Northwest Voices | Letters to the Editor
Climate change: Is it treason to deny global warming?
Posted by Letters editor
Plenty of scientists don't fall for global-warming myth
Editor, The Times:
Paul Krugman ["Climate-change deniers commit treason against planet," Opinion, syndicated columnist, June 30] asks the question, "How can anyone justify failing to act?"
He does not mention that earth's temperatures have flat-lined since 2001, despite growing concentrations of carbon dioxide.
There are more than 700 scientists who disagree with the United Nations -- 13 times the number who wrote the U.N.'s 2007 climate summary for policymakers. Joanne Simpson, the world's first woman to receive a doctorate in meteorology, expressed relief upon her retirement last year that she was finally free to speak "frankly" of her nonbelief.
Kiminori Itoh, a Japanese environmental-physical chemist who contributed to a U.N. climate report, dubs man-made warming "the worst scientific scandal in history." Norway's Ivar Giaever, Nobel Prize winner for physics, decries it as the "new religion." A group of 54 noted physicists, led by Princeton's Will Happer, is demanding the American Physical Society revise its position that the science is settled.
How long will The Seattle Times continue to repeat the tired mantras of global-warming believers?
While there can be no justification for opposing conservation or alternate sources of energy, there are considerable current climate and atmospheric science reasons for opposing the fraud of cap-and-trade legislation.
-- Steven Keeler, Seattle
Krugman needn't name-call to prove point
Paul Krugman lost my respect when he resorted to name-calling to discredit his opponents as well as characterize Rep. Paul Broun's statement, which, unfortunately, used "global warming" as shorthand for "man's contribution to global warming."
Krugman is obviously trying to escalate national emotion in support of the hyperbolic efforts of Al Gore ahead of a worldwide trend in rethinking man's influence on global warming, a growing movement among scientists late in being recognized here in the U.S.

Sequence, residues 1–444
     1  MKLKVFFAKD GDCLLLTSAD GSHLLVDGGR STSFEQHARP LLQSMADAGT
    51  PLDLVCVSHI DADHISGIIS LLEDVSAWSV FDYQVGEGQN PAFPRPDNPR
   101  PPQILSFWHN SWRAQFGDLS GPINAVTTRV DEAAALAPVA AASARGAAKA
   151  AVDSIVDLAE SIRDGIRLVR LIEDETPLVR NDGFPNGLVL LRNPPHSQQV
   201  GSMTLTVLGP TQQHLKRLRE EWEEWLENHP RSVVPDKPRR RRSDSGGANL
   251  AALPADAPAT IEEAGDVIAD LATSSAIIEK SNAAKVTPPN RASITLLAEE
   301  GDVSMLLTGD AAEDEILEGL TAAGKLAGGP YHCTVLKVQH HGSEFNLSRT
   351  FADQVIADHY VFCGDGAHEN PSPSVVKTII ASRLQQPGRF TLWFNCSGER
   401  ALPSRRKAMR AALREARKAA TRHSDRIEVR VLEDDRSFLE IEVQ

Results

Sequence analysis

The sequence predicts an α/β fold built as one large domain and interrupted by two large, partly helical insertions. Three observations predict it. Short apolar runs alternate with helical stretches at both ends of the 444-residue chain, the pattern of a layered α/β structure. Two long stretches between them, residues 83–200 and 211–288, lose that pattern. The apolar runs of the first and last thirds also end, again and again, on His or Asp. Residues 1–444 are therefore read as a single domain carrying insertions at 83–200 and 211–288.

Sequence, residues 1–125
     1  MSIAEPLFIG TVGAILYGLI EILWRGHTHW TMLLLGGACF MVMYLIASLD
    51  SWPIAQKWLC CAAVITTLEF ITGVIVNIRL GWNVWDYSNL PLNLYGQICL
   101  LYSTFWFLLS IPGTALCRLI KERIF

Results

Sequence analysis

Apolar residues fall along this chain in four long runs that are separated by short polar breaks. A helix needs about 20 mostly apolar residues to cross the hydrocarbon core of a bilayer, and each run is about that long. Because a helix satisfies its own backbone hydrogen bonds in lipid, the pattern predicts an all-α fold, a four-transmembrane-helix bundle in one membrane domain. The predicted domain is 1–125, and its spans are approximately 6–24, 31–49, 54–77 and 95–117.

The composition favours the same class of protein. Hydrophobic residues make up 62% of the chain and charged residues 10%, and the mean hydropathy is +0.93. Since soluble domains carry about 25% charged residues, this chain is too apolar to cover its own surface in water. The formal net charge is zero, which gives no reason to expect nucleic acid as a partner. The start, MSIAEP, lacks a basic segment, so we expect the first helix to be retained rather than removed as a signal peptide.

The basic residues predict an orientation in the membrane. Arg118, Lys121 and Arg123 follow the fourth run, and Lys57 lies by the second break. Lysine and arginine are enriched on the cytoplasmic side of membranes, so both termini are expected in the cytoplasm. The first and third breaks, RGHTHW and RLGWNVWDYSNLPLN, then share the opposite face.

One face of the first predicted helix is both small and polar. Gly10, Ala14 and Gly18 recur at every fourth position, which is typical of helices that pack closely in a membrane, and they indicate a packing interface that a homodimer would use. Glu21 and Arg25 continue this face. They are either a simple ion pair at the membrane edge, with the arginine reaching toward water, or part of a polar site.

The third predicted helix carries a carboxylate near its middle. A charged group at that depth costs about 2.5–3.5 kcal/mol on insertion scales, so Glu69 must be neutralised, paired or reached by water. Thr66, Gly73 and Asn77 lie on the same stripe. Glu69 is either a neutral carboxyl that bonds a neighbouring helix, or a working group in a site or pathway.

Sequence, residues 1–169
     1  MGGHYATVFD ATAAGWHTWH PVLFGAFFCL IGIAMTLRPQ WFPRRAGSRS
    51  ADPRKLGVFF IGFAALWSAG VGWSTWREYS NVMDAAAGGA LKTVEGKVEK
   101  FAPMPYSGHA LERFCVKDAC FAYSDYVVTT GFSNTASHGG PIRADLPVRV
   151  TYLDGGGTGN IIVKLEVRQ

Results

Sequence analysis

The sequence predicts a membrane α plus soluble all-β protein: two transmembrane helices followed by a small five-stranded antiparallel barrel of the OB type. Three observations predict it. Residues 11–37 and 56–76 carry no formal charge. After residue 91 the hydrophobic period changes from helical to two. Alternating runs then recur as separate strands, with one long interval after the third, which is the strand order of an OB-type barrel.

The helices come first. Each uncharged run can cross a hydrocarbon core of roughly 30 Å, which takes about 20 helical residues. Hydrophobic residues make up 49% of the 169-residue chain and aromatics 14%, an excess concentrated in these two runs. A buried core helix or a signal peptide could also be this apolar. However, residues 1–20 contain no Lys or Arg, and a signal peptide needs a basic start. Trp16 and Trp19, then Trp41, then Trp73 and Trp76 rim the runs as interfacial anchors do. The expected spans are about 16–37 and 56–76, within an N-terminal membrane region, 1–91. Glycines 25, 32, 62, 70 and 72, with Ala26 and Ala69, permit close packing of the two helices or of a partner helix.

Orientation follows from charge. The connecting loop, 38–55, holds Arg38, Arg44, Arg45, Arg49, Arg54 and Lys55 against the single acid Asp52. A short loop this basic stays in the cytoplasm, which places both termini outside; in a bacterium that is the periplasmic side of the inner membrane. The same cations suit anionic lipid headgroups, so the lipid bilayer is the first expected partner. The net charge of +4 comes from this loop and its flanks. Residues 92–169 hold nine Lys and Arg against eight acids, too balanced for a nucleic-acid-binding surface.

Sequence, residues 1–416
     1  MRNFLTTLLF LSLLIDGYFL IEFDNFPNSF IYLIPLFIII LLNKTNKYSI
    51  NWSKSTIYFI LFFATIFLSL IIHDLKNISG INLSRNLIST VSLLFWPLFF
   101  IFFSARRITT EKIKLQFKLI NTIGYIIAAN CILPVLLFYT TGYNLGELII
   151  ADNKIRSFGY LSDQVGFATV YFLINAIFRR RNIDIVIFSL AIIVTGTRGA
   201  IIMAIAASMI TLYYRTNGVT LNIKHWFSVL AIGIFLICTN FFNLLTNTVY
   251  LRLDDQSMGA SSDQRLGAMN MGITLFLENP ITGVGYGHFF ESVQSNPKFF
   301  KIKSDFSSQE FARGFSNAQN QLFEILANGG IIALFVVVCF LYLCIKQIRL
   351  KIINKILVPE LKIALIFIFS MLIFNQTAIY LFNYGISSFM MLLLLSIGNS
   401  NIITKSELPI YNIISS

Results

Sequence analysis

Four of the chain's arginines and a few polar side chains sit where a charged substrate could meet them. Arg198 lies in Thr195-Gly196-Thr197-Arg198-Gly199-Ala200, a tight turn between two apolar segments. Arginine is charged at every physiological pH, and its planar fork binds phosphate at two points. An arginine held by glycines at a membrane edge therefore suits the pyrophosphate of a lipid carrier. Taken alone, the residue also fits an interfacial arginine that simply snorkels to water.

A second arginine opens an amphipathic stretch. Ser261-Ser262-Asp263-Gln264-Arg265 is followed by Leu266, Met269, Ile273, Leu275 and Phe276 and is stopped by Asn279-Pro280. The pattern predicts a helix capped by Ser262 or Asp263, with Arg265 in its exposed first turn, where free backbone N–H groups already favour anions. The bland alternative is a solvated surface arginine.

The current debate can only be about mankind's contribution to global warming because beyond this mankind is only an observer.
A rising trend in scientific thought worldwide as described in Kimberly A. Strassel's June 26 opinion article in The Wall Street Journal is commended for your critical reading. Contrary to Krugman pronouncements, she states within one internal paragraph, "The collapse of the 'consensus' has been driven by reality. The inconvenient truth is that the earth's temperatures have flat-lined since 2001, despite growing concentrations of CO2. Peer-reviewed research has debunked doomsday scenarios about the polar ice caps, hurricanes, malaria, extinctions, rising oceans. A global financial crisis has politicians taking a harder look at the science that would require them to hamstring their economies to rein in carbon."
Thank our Founding Fathers for giving us senators!
-- Jared D. Mayes, North Bend
Volunteerism, not green products, needed
If someone truly denies the Earth's climate is changing, I agree with Paul Krugman that they are scientifically wrong. However, most of those who are in dispute with the pro-climate-change studies are not in denial. It is the reason for the change they are arguing against.
It is scientifically beyond our power to have any real capability to stop some warming or climate change. To think so is egotistical. As inhabitants, we can help ourselves only by not helping the inevitable.
There is more to climate-change theory than just the scientific phenomena. It is man's greed to profit from climate-change claims. The business world and marketplace capitalism has taken advantage of fear by providing us with green products and organic growth. Selling us on their world-saving products will do little to stop climate change if not cause its intensity to increase.
If businesses are really interested in saving the planet, volunteerism is by far more effective. Recycling, renewable energy and replacement of the automobile with mass-transportation methods are more effective than dumping green products on the marketplace. This volunteerism has been going on for some time with little credit given to those who participate.
One way to look at climate change is by examining Earth's development. The Earth has gone from ice age to warming many times in the past without man's interference, and it will do the same with man's interference.
-- Jim Morris, Renton
Green manufacturers do have earth's best interests at heart
I was deeply offended by Tom Watson's assertion in the EcoConsumer column ["Don't be alarmed, but do be wary of some chemicals," YourSaturday, June 20] that "activist environmental groups may stoke consumer fears as a way to increase their own financial support."
By this logic, the American Lung Association would wish to see an increase in the number of asthma deaths from air pollution and Washington Toxins Coalition would want to see higher amounts of toxins and pesticide levels found in human subjects in order to "stoke consumer's fears" to increase their financial support.
This is a ludicrous assumption and a smear on the good work done by these organizations that act as watchdogs for the health of Washington state residents. Your apology to them is overdue.
-- D.J. Guth, Kirkland
Copyright © 2009 The Seattle Times Company
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